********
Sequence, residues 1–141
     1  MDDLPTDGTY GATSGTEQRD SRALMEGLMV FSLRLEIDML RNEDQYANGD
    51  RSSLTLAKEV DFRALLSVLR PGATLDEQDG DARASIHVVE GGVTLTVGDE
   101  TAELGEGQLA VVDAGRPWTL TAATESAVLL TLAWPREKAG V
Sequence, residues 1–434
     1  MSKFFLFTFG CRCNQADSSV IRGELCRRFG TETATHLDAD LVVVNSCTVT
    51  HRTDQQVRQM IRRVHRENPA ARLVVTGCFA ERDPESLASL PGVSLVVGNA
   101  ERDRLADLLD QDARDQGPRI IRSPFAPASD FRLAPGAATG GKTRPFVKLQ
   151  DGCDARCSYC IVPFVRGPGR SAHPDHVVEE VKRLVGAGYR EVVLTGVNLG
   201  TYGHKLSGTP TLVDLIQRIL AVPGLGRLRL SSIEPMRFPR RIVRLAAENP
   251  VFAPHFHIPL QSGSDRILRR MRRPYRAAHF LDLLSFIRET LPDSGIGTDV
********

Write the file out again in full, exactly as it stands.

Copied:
Sequence, residues 1–141
     1  MDDLPTDGTY GATSGTEQRD SRALMEGLMV FSLRLEIDML RNEDQYANGD
    51  RSSLTLAKEV DFRALLSVLR PGATLDEQDG DARASIHVVE GGVTLTVGDE
   101  TAELGEGQLA VVDAGRPWTL TAATESAVLL TLAWPREKAG V
Sequence, residues 1–434
     1  MSKFFLFTFG CRCNQADSSV IRGELCRRFG TETATHLDAD LVVVNSCTVT
    51  HRTDQQVRQM IRRVHRENPA ARLVVTGCFA ERDPESLASL PGVSLVVGNA
   101  ERDRLADLLD QDARDQGPRI IRSPFAPASD FRLAPGAATG GKTRPFVKLQ
   151  DGCDARCSYC IVPFVRGPGR SAHPDHVVEE VKRLVGAGYR EVVLTGVNLG
   201  TYGHKLSGTP TLVDLIQRIL AVPGLGRLRL SSIEPMRFPR RIVRLAAENP
   251  VFAPHFHIPL QSGSDRILRR MRRPYRAAHF LDLLSFIRET LPDSGIGTDV